Set Up a Study Space at Home

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Posted on January 15th, 2011

For online students, academic life can be as varied as a student's own background lifestyle. Because most students work on their own time and arrange their schooling around work and other conflicts, the study environment of an online student can be somewhat fluid. However, in order to be the most productive student you can be, you need to give yourself ample time and space to get things done. Online students are so used to studying one the go that it is easy to forget the importance of having a stable work area. The benefits can be huge, however, and all online students should try to create at least some type of study area in their homes. Here are some steps to get you started.

First, you will need to select the right space to study. This will involve thinking about your daily schedule and the way you prefer to study. Do you never clear off the table in the living room, but always want to get work done there? Do you try to get work done in a particular location, but inevitably move to the couch because it's just not comfortable enough? Figure out a spot in your house that doesn't see much traffic and could potentially be a quite, comfortable work space. Try to steer clear of the bedroom, and separate your working and resting areas. However, if your work space is not comfortable enough, you will end up moving to the couch or bed to get your work done.

Once you figure out where you would like to create your space, the first step is to get the are ready for work. De-clutter the area completely. Put away anything that doesn't belong, and find new places for the things you've been avoiding dealing with. Once you have the area cleared, grab your cleaning supplies and make the entire area spotless. Even if the rest of your house is anything but, having a super-clean work area will help to switch your brain into work mode and get your focused. Next, organize anything that's left in the area. Put anything that you won't need easy access to away in a clearly marked place. There is no reason to leave old papers and documents out in a easy-to-grab location if you only need to refer to them once in a while. Think about how you will work in the area and organize it accordingly.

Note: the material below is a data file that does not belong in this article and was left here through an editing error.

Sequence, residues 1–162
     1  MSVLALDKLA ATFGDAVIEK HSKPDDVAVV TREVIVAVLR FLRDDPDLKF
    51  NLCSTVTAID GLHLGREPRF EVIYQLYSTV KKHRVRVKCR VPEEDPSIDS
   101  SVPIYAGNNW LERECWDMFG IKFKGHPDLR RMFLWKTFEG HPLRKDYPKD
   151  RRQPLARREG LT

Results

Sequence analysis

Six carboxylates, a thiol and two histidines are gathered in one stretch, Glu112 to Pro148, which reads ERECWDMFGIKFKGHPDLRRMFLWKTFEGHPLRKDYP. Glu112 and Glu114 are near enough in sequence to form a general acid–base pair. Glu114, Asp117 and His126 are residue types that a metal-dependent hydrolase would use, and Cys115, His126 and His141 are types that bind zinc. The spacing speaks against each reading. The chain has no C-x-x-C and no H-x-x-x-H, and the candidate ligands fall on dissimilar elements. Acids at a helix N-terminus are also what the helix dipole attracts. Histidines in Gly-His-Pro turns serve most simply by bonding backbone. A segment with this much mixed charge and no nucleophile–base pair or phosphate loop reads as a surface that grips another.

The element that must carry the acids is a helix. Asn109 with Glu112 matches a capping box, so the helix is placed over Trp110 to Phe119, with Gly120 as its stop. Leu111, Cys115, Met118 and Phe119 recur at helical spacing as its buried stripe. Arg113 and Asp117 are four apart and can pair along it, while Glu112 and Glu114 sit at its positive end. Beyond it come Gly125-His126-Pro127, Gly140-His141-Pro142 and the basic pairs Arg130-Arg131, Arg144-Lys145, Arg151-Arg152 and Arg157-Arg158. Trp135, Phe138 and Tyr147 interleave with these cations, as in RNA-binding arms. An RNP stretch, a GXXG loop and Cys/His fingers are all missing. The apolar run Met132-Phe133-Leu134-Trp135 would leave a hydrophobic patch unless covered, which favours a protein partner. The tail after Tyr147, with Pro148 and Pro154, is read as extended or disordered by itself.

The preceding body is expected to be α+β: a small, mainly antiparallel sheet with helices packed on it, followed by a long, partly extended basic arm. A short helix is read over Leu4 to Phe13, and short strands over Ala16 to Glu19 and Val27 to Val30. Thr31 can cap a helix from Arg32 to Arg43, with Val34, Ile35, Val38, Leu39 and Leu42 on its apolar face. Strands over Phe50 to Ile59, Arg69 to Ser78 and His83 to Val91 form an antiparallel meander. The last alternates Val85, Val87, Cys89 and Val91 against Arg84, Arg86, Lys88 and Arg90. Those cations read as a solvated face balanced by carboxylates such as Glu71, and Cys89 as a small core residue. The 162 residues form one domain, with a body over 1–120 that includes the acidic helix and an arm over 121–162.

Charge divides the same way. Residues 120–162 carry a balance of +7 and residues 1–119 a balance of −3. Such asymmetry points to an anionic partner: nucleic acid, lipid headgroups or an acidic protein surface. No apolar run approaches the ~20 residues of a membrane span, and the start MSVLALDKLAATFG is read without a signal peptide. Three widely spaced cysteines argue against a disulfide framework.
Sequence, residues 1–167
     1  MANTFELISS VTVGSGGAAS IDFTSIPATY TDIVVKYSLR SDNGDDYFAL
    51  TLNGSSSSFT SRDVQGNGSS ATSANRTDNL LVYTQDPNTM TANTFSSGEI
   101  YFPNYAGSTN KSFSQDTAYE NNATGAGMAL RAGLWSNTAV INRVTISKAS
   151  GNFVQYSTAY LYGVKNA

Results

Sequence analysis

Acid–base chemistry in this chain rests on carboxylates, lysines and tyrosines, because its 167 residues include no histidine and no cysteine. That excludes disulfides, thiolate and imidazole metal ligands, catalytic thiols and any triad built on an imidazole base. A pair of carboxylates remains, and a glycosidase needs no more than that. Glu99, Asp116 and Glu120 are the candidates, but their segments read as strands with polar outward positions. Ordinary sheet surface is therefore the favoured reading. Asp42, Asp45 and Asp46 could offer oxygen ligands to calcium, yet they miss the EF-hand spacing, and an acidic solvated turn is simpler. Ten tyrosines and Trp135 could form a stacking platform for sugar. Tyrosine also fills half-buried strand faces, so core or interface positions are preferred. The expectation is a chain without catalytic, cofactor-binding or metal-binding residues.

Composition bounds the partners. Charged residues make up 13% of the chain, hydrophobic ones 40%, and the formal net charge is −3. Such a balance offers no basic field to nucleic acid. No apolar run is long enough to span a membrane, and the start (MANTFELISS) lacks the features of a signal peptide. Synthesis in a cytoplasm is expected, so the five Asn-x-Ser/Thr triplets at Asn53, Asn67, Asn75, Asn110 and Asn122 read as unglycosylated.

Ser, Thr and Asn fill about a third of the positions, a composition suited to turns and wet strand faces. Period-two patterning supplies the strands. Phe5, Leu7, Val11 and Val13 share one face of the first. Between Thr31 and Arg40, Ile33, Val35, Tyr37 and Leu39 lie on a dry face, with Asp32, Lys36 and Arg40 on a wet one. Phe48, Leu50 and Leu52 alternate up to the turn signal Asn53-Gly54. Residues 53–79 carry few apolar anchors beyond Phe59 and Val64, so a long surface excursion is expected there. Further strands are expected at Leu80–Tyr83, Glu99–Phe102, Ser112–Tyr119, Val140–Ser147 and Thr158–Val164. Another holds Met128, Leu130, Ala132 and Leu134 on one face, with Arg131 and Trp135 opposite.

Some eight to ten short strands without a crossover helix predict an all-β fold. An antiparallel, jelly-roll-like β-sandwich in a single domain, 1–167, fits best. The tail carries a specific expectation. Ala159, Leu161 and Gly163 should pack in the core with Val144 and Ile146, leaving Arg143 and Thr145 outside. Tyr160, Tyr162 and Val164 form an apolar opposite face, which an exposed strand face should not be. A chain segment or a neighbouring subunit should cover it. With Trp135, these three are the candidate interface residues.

Next, you need to figure out how you want to conform the space to your study habits and preferences. Do you need absolute silence when you study? Do you prefer some background noise, like music or the T.V.? Be honest with yourself about the types of environments in which you actually get the most work done. Try to arrange your work area in a way that will create the most productive space for your needs. Make sure and set the space up to be a constant area. If you are forced to set up your study area every time you need it, you will be much less likely to study consistently.

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